- The Washington Times - Monday, August 30, 2004

Excerpts from the prepared text of last night’s speech by former New York Mayor Rudolph W. Giuliani to the Republican National Convention at Madison Square Garden in New York:

New York was the first capital of our great nation. It was here in 1789 in Lower Manhattan that George Washington took the oath of office as the first president of the United States.

It was here in 2001 in Lower Manhattan that President George W. Bush stood amid the fallen towers of the World Trade Center and said to the barbaric terrorists who attacked us, “They will hear from us.”

They have heard from us. …

On September 11, this city and our nation faced the worst attack in our history.

On that day, we had to confront reality. For me, standing below the North Tower and looking up and seeing the flames of hell and then realizing that I was actually seeing a man — a human being — jumping from the 101st or 102nd floor drove home to me that we were facing something beyond anything we had ever faced before. …

At the time, we believed we would be attacked many more times that day and in the days that followed. Spontaneously, I grabbed the arm of then Police Commissioner Bernard Kerik and said to Bernie, “Thank God George Bush is our president.”

And I say it again tonight, “Thank God George Bush is our president.” …

Terrorism did not start on September 11, 2001. It had been festering for many years. And the world had created a response to it that allowed it to succeed. The attack on the Israeli team at the Munich Olympics was in 1972. And the pattern had already begun. The three surviving terrorists were arrested and within two months released by the German government. … Terrorists came to learn they could attack and often not face consequences. …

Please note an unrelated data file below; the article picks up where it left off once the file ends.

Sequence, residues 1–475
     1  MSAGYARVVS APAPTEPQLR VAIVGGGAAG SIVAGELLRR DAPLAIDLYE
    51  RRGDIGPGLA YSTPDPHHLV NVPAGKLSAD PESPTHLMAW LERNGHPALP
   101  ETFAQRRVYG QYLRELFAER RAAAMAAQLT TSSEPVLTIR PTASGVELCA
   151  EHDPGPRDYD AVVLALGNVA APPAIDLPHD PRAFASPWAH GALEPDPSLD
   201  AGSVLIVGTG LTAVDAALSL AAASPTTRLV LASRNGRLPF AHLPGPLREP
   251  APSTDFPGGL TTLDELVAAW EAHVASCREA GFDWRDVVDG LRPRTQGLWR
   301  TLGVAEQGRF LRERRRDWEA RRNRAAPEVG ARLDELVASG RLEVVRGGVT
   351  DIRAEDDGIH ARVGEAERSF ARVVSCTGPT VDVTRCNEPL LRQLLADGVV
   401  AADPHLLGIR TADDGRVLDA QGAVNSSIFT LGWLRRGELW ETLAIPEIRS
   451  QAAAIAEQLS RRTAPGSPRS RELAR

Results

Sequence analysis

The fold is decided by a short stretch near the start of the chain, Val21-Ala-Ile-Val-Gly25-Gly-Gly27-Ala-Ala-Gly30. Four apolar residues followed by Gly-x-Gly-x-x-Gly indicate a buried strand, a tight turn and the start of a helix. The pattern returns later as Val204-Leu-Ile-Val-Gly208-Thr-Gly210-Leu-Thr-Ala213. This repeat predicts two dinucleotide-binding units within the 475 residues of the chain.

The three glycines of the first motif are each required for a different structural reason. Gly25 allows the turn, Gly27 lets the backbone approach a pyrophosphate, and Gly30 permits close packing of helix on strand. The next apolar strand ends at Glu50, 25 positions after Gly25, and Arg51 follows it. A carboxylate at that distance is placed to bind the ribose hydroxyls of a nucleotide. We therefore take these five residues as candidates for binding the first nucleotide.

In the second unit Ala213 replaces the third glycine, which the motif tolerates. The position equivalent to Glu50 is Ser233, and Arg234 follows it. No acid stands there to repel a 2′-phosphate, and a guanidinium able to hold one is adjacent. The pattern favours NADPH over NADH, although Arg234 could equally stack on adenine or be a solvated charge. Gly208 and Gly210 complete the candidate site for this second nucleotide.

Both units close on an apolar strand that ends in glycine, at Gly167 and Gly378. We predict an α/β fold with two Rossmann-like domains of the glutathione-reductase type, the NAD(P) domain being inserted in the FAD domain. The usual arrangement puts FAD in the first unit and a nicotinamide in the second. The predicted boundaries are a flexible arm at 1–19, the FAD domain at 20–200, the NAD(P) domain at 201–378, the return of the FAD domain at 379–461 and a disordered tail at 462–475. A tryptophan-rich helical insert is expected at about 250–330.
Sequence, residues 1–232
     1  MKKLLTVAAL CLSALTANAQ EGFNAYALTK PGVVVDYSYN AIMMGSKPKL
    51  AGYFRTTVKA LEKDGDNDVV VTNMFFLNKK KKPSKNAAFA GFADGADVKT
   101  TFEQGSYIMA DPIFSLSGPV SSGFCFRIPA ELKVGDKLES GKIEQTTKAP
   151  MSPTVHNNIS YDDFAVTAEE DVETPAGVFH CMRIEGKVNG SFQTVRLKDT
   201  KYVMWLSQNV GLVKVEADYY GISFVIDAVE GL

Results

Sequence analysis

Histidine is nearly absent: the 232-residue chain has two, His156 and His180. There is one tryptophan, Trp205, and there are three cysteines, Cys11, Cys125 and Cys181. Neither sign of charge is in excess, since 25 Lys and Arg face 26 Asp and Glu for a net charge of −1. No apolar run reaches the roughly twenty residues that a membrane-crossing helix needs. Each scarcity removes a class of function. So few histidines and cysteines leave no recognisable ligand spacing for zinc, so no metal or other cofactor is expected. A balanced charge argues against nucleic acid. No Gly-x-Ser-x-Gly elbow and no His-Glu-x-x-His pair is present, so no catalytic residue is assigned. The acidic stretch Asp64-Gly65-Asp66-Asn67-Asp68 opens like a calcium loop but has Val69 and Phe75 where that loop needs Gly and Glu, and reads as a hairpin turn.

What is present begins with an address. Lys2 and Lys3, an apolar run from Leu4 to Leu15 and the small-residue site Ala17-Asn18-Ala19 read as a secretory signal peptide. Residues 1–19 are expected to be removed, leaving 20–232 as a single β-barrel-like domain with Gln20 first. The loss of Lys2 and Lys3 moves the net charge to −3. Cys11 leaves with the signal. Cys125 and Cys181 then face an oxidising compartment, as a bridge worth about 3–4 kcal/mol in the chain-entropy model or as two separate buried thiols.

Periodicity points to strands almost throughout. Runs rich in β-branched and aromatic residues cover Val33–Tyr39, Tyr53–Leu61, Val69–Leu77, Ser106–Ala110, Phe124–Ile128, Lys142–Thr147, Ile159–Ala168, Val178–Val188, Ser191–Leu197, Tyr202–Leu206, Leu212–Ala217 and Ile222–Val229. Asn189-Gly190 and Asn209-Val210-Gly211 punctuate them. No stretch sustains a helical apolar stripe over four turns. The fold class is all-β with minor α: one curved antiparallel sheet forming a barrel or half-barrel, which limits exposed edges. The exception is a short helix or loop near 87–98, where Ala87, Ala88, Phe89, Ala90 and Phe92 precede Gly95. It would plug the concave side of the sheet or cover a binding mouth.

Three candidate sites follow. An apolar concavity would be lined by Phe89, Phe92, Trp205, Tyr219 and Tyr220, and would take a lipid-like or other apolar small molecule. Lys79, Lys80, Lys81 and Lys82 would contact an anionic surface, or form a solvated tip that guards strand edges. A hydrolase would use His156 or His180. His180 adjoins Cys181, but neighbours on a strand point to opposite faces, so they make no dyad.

Terrorist acts became a ticket to the international bargaining table. How else to explain Yasser Arafat winning the Nobel Peace Prize when he was supporting a terrorist plague in the Middle East that undermined any chance of peace? …

On September 20, 2001, President Bush stood before a joint session of Congress … [and] dedicated America under his leadership to destroying global terrorism. …

Since September 11th, President Bush has remained rock solid. It doesn’t matter how he is demonized. It doesn’t matter what the media does to ridicule him or misinterpret him or defeat him.

They ridiculed Winston Churchill. They belittled Ronald Reagan. But like President Bush, they were optimists; leaders must be optimists. Their vision was beyond the present and set on a future of real peace and true freedom. Some call it stubbornness. I call it principled leadership. … And in times of danger, as we are now in, Americans should put leadership at the core of their decision.

There are many qualities that make a great leader, but having strong beliefs, being able to stick with them through popular and unpopular times, is the most important characteristic of a great leader.

Winston Churchill saw the dangers of Hitler while his opponents characterized him as a warmongering gadfly.

Ronald Reagan saw and described the Soviet Union as “the evil empire” while world opinion accepted it as inevitable and belittled Ronald Reagan’s intelligence.

President Bush sees world terrorism for the evil that it is. John Kerry has no such clear, precise and consistent vision.

This is not a personal criticism of John Kerry. I respect him for his service to our nation. But it is important to see the contrast in approach between the two men: President Bush, a leader who is willing to stick with difficult decisions even as public opinion shifts, and John Kerry, whose record in elected office suggests a man who changes his position often, even on important issues.

When Saddam Hussein invaded Kuwait in 1990, John Kerry voted against the Persian Gulf war. Later he said he actually supported the war.

Then in 2002, as he was calculating his run for president, he voted for the war in Iraq. And then just nine months later, he voted against an $87 billion supplemental budget to fund the war and support our troops.

He even, at one point, declared himself an anti-war candidate. Now, he says he’s pro-war. At this rate, with 64 days left, he still has time to change his position at least three or four more times.

My point about John Kerry being inconsistent is best described in his own words when he said, “I actually did vote for the $87 billion before I voted against it.”

Maybe this explains John Edwards’ need for two Americas — one where John Kerry can vote for something and another where he can vote against the same thing.

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